THE QUICK START GUIDE:
THE A TO Z OF HOW TO BECOME A YACHT STEWARD/ESS
In the first half of my book, The Insiders’ Guide to Becoming a Yacht Stewardess, I discuss the yachting industry and give you insight into what this world is all about. I also spend quite a few chapters discussing what both crew life, and the work, is like. I promise it’s a fun and fascinating read, and it will appeal to many people — even those just curious to learn more about this exclusive world of superyachts. I cover who owns them, who travels on them, how much they cost, what destinations they visit, and even what they’re like inside.
BUT, if you are eager and ready to become a part of the yachting industry, then Part II of my book is for you. In it, you will learn the step-by-step process for acquiring a yacht stew position, if not any entry-level position onboard a yacht, including deckhand, chef, and engineering positions. In the end, I think you’ll be shocked to discover just how straightforward it is to land one of these dream jobs. Training is key, professionalism is required, and before you’re convinced you should give it a go, please make sure you have the right intentions. While the benefits that accompany this job are plentiful, being a yacht crewmember requires a LOT of hard work.
While I recommend grabbing a copy of my book for the nitty-gritty details, I can quickly chart your course here. I am going to throw at you, in an “a, b, c” fashion, what I consider to be the main action steps to get you from where you sit now to your first stewardess position (or nearly any entry-level crew position) on a luxury yacht. The order of these steps might vary, but what I want you to glean from looking down the list is just how uncomplicated the process really is for how to become a yacht stewardess or steward.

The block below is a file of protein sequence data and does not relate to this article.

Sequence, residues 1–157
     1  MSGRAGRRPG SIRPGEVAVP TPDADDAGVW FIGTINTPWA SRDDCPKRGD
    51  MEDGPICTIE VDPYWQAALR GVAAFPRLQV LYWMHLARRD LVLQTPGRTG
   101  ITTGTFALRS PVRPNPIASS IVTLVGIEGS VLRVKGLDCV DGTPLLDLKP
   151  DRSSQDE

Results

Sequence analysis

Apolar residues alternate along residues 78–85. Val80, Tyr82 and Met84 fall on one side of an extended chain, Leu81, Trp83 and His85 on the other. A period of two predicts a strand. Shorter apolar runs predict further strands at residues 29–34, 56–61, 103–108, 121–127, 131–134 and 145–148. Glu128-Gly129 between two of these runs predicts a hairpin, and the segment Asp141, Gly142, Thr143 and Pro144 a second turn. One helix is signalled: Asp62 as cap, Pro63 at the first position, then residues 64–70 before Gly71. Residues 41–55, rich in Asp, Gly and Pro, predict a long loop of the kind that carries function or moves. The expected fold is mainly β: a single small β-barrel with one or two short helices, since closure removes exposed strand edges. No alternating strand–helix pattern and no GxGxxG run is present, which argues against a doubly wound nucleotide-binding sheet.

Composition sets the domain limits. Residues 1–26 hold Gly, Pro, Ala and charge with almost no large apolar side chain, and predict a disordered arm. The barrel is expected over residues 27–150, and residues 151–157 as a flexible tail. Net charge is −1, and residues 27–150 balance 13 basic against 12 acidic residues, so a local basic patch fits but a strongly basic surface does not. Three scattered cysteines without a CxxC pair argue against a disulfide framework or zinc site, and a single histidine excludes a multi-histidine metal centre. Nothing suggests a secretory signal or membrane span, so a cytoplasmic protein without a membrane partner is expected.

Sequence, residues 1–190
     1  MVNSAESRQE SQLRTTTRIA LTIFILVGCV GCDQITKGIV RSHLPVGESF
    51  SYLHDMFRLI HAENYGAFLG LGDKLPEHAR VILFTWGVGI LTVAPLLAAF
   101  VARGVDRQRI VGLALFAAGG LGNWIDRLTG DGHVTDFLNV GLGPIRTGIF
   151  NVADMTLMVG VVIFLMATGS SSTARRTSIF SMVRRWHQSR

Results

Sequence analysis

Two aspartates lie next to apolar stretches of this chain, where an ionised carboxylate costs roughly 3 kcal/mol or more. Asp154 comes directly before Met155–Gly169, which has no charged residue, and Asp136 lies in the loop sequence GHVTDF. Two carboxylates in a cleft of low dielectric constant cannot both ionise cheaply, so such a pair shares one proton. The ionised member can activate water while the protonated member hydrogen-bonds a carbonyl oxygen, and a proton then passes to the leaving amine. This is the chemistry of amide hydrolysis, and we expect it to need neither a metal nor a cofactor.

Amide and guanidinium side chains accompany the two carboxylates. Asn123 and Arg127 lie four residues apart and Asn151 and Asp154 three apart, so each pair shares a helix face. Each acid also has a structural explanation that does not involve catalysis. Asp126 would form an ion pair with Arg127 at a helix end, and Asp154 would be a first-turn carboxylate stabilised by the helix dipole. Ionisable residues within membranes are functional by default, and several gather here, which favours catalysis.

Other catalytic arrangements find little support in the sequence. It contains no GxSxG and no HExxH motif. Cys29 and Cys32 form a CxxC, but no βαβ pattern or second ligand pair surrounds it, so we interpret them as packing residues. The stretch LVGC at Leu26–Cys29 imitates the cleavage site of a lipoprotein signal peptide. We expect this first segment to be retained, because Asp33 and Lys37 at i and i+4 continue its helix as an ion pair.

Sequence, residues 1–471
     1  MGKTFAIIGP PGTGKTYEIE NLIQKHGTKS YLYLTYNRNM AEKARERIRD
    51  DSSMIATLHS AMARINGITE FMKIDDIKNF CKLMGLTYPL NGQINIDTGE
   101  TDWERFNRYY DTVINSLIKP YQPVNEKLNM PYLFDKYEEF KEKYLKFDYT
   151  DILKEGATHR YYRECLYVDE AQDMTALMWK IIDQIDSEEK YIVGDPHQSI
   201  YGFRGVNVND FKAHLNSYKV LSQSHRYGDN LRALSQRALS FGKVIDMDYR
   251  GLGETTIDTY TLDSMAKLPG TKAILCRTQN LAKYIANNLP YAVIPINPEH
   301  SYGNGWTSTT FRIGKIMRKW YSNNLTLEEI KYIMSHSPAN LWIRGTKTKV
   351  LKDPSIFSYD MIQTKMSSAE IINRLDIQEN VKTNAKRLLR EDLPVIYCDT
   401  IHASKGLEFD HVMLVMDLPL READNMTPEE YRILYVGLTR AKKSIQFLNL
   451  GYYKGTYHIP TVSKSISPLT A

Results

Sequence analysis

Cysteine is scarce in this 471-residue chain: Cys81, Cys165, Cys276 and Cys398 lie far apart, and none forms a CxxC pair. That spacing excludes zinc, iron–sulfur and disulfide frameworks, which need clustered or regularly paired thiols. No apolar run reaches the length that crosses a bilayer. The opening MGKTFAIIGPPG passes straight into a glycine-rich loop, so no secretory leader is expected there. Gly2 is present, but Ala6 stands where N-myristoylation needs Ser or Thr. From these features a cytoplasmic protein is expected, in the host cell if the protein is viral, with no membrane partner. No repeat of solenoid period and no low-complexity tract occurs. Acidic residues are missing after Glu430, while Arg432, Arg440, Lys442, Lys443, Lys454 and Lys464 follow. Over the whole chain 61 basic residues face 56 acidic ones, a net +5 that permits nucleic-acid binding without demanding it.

And not to worry, if you buy the book, I expand upon every step throughout Chapters 6–11, along with delivering practical, insider advice on how to get hired in a short period of time. You will see which chapters contain that information below.
Use The Quick Start Guide as a checklist reference as you prepare to take your own leap into what I hope will be a well-lit path.
Are you ready? Here goes:
- Assess your skills and determine whether or not this opportunity is for you. (Chapter 6)
- Find storage for your major belongings and plan to pack up what you’ll need because you’re going away for a while! (Chapter 8)
- Select the hiring port where you will conduct your job search, which you will determine based on convenience to your set of circumstances, as well as on the time of year. (Chapter 8)
- If you do not already have a passport, apply now! (Chapter 8)
- If you are a non-U.S. citizen, you need to apply for a B1/B2 visa before leaving your home country. (Chapter 8)
- Prepare a preliminary résumé/CV highlighting your applicable skills and work experience, along with your special abilities, talents, and interests. (Note: I’ll explain what a CV is in Chapter 10.) A cover letter is optional, but it is a nice touch. And make sure your social media profiles project you as a reliable person to hire. (Chapters 6 and 10)
- Compile a list of preliminary work references to include with your résumé/CV submissions. (Chapter 10)
- Have a headshot photo taken of yourself (or use an existing one) to include with your résumé/CV submissions. (Chapter 10)
- Research the yacht-crew training schools in your chosen hiring port, and find out their respective STCW Basic Safety Training (BST) Course schedules ahead of time. You should plan to arrive in town when courses are being offered and can accommodate you. The same holds true with any optional preparatory classes you plan on taking, such as a specialized stew training course. (Chapter 7)
- Research yacht-crew housing options in your chosen hiring port, and call ahead to check availability for the date you plan to arrive. Consider booking your initial accommodations once you’ve determined your STCW Basic Safety Training course dates and made your travel arrangements. (Chapter 8)